I address my questions to all languages lovers :
How do you pass from language to language?
How do you switch your brain, your memory, your thinking? (I have no idea, how it works)
In my experience, there are problems. My native language is Russian. My second language is Hebrew and I am pretty fluent. English is my third language. Up until now, I just have spoken with my tutor Maria one - two times a week. I didn’t have any another communication. All of a sudden, my situation has changed and I have to communicate in English every day. It just happened, I have nothing to do, except to speak. Nice, it is like a present or fate! English in real life! It’s a wonderful way to learn whatever language, but it confuses me. I put Hebrew words in English speaking, I speak English instead of Hebrew in the grocery store and finally, I break out with speech in Russian instead of Hebrew when addressing my husband.
To be honest, I do not worry about it a lot. It is just funny. I think it is natural in the beginning . Nevertheless, dear friends, I ask you to tell me about your experience. I would like to get your advice. How can I discipline my thinking? Do I have to do something? Do I need to just be patient, wait and continue my practice? Did/do you have the same issues?
I have yet to acquire the ability to automatically switch from English, to Fench or German. I still have to think in English and then formulate a response, or use simple phrases that I already know well enough.
I had the same experience Natasha, and have heard about it from many. I think it diminishes on its own with time.
I would not longer confuse English with Hebrew. But recently in France, when I tried to produce some French, with my brain “knowing” it shouldn’t be English, the tongue would suddenly deliver Hebrew.
I hope they confused it for Arabic -
This ia a very interesting problem. I believe the people who speak a lot of languages have from time to time this problem. It depends on our concentation, on our mood, on our state of health etc. When i’m in good condition, I very seldom confuse the words of different languages. But in the evening when I’m already tired I can confuse them. My native language is Russian, but sometimes in the evening I firstly remember the word in English or German(if I was dealing during the day with these languages) and only then I “translate” this word into Russian.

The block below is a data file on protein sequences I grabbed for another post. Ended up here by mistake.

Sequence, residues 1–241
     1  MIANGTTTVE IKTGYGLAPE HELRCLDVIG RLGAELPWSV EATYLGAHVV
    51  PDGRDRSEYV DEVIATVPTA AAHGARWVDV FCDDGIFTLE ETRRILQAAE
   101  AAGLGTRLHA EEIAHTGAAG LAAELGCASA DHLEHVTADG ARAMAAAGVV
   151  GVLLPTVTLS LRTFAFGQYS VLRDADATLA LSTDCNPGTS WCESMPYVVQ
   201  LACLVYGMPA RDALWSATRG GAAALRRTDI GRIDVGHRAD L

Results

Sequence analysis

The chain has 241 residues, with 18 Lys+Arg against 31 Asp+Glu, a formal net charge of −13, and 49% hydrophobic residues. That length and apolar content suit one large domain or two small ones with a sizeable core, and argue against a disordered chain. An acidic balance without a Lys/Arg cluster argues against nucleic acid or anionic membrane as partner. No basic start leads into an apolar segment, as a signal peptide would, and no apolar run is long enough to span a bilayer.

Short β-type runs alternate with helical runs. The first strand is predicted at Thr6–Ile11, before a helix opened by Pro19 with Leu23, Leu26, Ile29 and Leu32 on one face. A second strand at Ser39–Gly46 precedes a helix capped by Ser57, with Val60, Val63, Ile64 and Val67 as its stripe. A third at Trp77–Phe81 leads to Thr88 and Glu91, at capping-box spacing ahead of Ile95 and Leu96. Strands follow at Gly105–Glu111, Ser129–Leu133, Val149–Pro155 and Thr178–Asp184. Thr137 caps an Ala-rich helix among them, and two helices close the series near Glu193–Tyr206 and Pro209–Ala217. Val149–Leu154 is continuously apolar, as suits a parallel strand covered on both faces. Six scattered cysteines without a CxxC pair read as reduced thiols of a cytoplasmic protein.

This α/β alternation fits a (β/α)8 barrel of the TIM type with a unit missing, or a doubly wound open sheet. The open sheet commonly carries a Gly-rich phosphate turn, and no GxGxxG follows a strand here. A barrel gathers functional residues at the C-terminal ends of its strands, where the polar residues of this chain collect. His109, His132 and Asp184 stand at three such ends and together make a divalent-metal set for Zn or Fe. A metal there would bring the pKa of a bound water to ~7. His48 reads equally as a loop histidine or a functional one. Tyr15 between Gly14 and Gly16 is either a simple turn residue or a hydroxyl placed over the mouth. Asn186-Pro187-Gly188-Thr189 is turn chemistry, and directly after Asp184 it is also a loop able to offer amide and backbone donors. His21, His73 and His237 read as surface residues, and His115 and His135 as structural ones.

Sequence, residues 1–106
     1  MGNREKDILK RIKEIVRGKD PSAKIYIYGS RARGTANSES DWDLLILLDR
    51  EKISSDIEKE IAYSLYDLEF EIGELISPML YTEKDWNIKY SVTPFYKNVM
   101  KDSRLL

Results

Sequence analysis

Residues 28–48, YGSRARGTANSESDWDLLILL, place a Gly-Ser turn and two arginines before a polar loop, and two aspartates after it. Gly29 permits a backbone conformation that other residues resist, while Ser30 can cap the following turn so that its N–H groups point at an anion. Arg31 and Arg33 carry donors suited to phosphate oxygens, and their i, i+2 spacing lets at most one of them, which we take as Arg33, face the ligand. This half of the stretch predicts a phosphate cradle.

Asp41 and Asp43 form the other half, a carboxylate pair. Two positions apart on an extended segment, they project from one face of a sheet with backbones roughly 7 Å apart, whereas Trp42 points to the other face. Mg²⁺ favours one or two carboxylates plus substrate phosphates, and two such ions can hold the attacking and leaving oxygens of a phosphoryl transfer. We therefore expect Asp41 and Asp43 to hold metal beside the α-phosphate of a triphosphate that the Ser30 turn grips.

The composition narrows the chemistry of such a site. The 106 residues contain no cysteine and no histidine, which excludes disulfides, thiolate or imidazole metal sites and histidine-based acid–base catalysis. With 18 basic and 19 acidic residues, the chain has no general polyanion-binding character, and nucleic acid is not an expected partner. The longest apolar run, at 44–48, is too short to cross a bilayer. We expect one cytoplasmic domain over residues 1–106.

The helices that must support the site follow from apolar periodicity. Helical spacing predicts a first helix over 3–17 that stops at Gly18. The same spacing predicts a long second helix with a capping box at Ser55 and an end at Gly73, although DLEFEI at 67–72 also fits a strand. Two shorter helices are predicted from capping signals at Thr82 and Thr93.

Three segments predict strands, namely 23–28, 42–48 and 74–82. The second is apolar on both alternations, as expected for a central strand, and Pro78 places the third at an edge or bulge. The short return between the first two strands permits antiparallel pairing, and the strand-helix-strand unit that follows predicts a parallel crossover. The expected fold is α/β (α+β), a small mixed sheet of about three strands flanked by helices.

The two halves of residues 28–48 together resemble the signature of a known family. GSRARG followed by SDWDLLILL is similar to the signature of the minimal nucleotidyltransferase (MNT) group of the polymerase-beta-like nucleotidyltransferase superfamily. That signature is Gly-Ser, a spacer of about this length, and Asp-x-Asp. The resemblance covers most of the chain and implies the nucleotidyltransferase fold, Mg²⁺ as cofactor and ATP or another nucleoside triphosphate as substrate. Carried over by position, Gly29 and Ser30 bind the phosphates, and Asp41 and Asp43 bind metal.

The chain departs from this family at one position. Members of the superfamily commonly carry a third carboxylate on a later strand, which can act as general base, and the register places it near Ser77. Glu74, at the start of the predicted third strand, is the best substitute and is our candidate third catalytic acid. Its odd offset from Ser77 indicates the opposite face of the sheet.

I often go to Germany and I noticed that first days there I need some time to get out of the way of Russian speaking and otherwise after returning to Russia I need some time to get out of German speaking and thinking. These days I can going by bus in Saint Petersburg ask autimatically: “Steigen Sie aus?”(Do you get off?) instead of:“Вы выходите?”
Speaking or answering in Polish I sooner can use some Russian words than by speaking in English or German because Russian and Polish are more similar and it provokes the mistakes.
Anf finally beeing in France I sometimes consciously use together with french some English and German words because my vocabulary in French isn’t very large and (what is more important!) not so active. And instead of attempt to remember this word in French I give this word in English or German because I need to be understood now, but not after my long attempts of searching this word in French.
My problem is that I identify certain people with certain languages; then the simple fact of talking to that person brings forth that language, even if it isn’t the language that I’m trying to speak!
It is true that while I’m speaking with a French tutor, a Spanish word or more likely a Haitian Creole phrase may sneak into the conversation; but what really causes identifiable brain stress is to try to speak French with a person with whom I first spoke Spanish or Haitian Creole.
When I had my first lessons with Berta, instead of speaking Spanish I would speak French, especially if I had had a French conversation the same day. I occasionally forget which language I am speaking and only notice by the blank faces around me that I’m in the wrong one. A very intelligent German friend went to Paris and wondered why nobody understood him. His wife was beside herself with laughter: he had been speaking Russian the whole time!